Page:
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inventor of logarithm, and that Sir
Charles Napier who has been called,
the acknowledged hero of a family of
heroes. And who has not felt his
blood run faster as he read of Luck
now. with its little ba;nd of Britons
and their women and children, hud
dled together. expecting every mom
ent to be overwhelmed by the hordes
of mutino ;u Sepoys. when
"Up spake a Scottish maiden,
With her ear upon the ground:
'Dinna ye hear it?--dinna ye hear it?
The pipes of Havelock sound'!"
Then. with what joy they listened,
''Louder. neare'r. fierce as vengeance,
Sharp and thrill as swords at strife.
Came the wild MacGregor's clan-call,
Stinging all the air to life."
In our own land. the Scotch and
the Scotch-Irish have shown them
selves worthy .descendants of their
valiant sires. From the border wars
with the French and Indians in Col
onial days. to the War with Spain,
and the pacification of the Phillip
pines, the 'Scotch and the Scotch
Irish have ever borne an honorable
part. It was a Scotchmap, a mem
ber ,of your own society. General Wil
liam Moultrie. and his handful of
heroic men, who, by the defeat of the
British fleet under Sir Peter Par
ker, irrevocably com-itted the Caro
linas to the cause of independence,
and it is well known in Charlotte that
a large proportion of the signers of
the Mecklenburg Declaration of Ii
dependence were of Scotch ' and
Scotch-Irish descent. It was a Scot
-who earried the victorious.* arms of
our country to the Capital of Mexico,
and to tell of even the most distin
auished of the Scotch -and Scotch
Irish who participated on both sides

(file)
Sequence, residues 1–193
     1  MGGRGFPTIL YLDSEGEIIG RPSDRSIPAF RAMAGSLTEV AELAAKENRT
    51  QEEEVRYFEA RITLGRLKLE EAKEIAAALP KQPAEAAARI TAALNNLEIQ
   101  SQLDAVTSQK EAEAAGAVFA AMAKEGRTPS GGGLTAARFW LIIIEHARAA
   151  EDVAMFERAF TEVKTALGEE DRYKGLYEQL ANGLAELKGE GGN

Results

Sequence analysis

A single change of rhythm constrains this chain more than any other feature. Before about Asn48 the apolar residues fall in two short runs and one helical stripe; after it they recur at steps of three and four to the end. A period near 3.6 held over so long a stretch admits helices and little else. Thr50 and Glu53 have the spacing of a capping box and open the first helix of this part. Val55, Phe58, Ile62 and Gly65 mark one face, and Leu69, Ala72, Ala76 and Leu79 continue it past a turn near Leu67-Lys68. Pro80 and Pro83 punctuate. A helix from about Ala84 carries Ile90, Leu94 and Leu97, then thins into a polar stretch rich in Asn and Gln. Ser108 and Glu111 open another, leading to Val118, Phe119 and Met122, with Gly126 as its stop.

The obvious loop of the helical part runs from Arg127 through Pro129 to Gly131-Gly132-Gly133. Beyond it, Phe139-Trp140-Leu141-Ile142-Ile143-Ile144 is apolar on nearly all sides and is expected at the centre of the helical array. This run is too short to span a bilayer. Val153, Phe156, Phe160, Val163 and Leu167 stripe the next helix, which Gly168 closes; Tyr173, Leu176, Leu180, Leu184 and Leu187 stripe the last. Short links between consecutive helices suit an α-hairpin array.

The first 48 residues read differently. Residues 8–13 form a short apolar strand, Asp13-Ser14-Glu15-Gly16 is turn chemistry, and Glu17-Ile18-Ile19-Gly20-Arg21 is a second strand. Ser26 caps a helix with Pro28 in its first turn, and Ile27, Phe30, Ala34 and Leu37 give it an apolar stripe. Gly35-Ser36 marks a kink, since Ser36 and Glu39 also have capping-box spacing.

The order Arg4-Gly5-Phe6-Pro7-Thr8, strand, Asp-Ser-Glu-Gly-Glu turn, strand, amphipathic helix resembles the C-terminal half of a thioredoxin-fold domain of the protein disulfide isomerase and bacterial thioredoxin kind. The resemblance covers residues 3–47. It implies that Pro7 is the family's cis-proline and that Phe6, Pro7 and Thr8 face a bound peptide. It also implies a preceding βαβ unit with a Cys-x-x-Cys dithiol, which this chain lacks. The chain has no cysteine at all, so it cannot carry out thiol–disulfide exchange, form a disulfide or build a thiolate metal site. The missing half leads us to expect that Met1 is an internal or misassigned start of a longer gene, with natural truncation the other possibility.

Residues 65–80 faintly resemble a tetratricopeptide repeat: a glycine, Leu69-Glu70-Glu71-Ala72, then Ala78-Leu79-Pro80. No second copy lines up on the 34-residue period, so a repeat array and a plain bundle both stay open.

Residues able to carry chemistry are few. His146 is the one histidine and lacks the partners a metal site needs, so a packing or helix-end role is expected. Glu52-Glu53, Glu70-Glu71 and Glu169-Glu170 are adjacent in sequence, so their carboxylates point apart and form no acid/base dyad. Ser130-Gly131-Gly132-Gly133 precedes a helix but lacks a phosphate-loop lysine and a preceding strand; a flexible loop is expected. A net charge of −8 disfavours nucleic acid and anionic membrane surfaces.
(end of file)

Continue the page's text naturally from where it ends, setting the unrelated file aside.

in our Civil War would make any ad
dress far too long for an occasion
such as this.
In their native land the* Scotts
have carried the industries based on
their-natural resources to the highest
degree of perfection. Scotch woolen
goods are unsurpassed by those of
any other country, and the Scotch
and th'e Seotch-Itish in Ireland have
set the standard of the world in the
myanufacture of linens. The iron and
steel industry of Scotland. founded
at an early date, has been highly de
veloped. Shiip building has thrived
in Scotland since the time: of The
Errne. and, in the present day, the
highest development of Scotch in
dustry is found in the shipyards on
the Clyde, and the Scoteh-Irish ship
yards at Belfast. .From t.hese yards
have come a great part of the mer
chant and war fleets of Britain, and,
in the Lusitania, they have their
cerowning achievement. .In Ameriea,
- the Seotch and the Scoteh-Irish have
had a wider field for the development
of industrial leadership. All the
world knows what Andrew Carne
Fg ie and his associates, largely Scotch
men and men of Scotch descent,
achieved in the building up of the
iron and steel industry about Pitts
burg. and Alexander G-raham Bell,
the inventor of the telebhone, is a
man of Scoteh ancestry.
Niot even the briefest reviewv of
Seotch achievement would he com
plete without some reference to the
financial genius of the race which
produced William Paterson, . th.e
foundet of the ~Bank of England.
The banking system of Scotland has
n intained an enviable reputation
or, soundness, and is pointed .to to
day \by some of the advocates of
banking and currency reform as the
model upon which the system of this
country should be based, and I have'
no doubt tl#t the high reputation of
the banks ofiOharleston is due, in
no - small measure, to influences in
'their managemenlt attributable to
t.he men of Scotch ~ancestry who
have~ from time to time been mem
bers of this society. The fiscal sys
'tem of our government was devised
by a man of Scot.eh descent--Alex
anrler Hamilton-and it stands to
day, with few modifications, as .a